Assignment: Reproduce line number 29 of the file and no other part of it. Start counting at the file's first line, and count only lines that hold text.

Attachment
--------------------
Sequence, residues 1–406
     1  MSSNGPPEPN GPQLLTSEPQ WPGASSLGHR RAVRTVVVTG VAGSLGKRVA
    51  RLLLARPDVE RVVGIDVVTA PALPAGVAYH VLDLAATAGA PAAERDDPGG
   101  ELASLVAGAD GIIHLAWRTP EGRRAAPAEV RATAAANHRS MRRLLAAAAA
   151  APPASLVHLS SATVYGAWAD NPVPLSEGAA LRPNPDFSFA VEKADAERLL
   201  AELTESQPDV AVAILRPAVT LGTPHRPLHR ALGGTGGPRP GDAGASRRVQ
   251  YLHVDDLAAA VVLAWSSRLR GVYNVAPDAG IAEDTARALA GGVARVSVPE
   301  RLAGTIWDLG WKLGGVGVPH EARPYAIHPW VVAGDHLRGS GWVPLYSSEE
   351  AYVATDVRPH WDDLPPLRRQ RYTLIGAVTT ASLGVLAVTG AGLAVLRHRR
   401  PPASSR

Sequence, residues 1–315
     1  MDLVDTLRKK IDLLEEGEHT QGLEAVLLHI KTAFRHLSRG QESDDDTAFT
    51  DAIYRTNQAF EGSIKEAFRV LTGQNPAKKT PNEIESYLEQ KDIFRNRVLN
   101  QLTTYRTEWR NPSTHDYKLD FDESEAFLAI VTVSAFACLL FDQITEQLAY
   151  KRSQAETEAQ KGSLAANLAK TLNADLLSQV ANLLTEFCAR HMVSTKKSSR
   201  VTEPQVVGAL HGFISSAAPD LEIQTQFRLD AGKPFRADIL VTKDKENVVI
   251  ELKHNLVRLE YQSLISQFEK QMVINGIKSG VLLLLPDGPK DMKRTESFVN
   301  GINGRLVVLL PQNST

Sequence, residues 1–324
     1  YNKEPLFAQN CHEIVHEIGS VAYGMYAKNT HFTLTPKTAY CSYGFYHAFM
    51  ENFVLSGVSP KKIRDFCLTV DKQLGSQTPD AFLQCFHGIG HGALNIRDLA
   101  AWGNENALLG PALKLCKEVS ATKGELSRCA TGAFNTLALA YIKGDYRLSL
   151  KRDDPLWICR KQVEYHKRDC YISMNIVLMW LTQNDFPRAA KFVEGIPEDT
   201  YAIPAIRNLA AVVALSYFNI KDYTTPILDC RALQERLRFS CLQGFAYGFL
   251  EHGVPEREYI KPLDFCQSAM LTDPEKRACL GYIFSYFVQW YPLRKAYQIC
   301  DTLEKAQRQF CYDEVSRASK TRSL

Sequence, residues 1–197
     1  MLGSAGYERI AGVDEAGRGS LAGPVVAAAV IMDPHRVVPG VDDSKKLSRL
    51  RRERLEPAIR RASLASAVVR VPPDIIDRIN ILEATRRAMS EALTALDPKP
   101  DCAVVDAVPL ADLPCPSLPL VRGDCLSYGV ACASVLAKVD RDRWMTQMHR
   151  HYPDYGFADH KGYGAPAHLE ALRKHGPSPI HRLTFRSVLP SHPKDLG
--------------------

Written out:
    51  RRERLEPAIR RASLASAVVR VPPDIIDRIN ILEATRRAMS EALTALDPKP